Republican crossovers are a key factor in record-level voter registrations for the Pennsylvania Democratic presidential primary, officials say.
State Democratic party officials touted a record-level four million registered Democratic voters in anticipation of the upcoming primary on April 22. The Philadelphia suburbs and the state's central region, including counties where Republicans still outnumber Democrats, had some of the highest proportions of party-switchers.
Bill Meck, a resident of a Philadelphia suburb, remarked that after 41 years of voting Republican, he recently registered with the Democratic party. "I wanted to be a part of the choice," said Meck.
His wife, Patsy, a longtime Democrat, points to the race's historic significance as rejuvenating political interest among Pennsylvanians, including Republicans like her husband. She joked, "It's like being in bizarro-world. For the first time since I can remember, we're on the same side."
While many of the new Democrats appear to be moderates or independents who simply want to be a part of the process, county voter registration officials in central Pennsylvania told ABCNews.com that many new registrants spoke openly about changing their party affiliation to give McCain "a better shot in November."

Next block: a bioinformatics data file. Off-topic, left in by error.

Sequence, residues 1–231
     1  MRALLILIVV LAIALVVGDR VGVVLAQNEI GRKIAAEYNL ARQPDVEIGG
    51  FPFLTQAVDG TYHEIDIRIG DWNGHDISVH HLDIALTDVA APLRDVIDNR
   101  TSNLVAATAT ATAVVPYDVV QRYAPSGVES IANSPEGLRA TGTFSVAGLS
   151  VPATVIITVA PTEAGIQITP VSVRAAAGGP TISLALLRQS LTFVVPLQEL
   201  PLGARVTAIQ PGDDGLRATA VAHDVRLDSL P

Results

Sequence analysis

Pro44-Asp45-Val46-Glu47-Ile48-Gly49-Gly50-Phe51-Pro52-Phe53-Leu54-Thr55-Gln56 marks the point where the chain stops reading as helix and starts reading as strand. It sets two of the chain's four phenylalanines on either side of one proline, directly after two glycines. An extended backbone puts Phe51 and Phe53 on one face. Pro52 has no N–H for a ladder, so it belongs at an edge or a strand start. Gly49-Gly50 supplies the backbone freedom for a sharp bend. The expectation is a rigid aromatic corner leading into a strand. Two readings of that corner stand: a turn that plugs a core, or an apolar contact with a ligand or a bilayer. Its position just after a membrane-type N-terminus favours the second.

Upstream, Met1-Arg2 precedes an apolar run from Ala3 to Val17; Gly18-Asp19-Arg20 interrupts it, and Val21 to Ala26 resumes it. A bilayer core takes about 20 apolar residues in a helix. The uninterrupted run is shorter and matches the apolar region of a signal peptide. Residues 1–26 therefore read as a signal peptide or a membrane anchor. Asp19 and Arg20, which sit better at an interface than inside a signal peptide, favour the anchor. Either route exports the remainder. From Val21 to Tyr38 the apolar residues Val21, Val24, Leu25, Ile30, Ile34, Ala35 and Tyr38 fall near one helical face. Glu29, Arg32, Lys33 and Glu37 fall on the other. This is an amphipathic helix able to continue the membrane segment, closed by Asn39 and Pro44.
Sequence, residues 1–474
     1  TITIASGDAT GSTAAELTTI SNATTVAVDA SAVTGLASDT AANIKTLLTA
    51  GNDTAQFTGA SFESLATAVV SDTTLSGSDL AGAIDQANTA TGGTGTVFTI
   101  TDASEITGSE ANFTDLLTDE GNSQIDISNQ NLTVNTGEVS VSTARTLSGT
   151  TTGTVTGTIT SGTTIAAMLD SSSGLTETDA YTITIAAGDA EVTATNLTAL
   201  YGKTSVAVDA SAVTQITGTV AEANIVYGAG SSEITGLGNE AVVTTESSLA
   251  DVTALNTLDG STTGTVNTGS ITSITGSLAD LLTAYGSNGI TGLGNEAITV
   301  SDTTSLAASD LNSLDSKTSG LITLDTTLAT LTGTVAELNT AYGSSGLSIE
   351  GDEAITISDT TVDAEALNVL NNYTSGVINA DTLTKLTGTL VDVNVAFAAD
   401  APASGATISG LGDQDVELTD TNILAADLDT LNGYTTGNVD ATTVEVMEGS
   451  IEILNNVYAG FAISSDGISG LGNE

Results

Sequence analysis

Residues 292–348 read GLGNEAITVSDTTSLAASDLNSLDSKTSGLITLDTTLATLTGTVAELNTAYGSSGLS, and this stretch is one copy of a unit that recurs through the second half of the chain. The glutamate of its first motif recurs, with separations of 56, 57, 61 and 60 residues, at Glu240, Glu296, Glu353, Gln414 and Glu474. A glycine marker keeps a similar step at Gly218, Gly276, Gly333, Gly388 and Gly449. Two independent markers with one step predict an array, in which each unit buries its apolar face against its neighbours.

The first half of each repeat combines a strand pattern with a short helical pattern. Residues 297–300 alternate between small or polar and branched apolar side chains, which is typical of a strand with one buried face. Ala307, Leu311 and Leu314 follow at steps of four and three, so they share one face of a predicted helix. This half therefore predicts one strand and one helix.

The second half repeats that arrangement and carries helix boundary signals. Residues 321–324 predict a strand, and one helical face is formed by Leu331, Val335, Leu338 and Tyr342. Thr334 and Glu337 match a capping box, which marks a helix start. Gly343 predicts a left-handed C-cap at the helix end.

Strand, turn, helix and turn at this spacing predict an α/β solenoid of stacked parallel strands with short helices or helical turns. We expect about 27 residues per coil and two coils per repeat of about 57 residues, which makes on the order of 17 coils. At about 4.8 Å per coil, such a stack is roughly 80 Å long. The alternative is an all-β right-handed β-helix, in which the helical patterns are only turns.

Officials in Perry and Northumberland counties in central Pennsylvania told ABCNews.com that quite a few new registrants said they were switching to help the Republican party in the fall. Both counties are historically conservative, having voted for Bush in 2004 in wide margins, but the number of voters changing their party affiliation to Democrat this year is proportionally large, said the officials.
The pattern echoes the Republican crossovers in the run-up to the Texas and Ohio primaries, which some political experts attributed to calls from conservatives like Rush Limbaugh for Republicans to register and vote for Sen. Hillary Clinton to prevent Obama from locking up the nomination and prolong the spectacle of the two Democratic candidates attacking each other.
Michael Barley, a spokesman for the Pennsylvania Republican Party, says that as a party, they are not endorsing the switches, and that they are focusing on the general election and not the Democratic primary.
Keith Staskeiwicz is a freelance researcher covering the Pennsylvania primary for ABC News.
Avni Patel contributed to this report.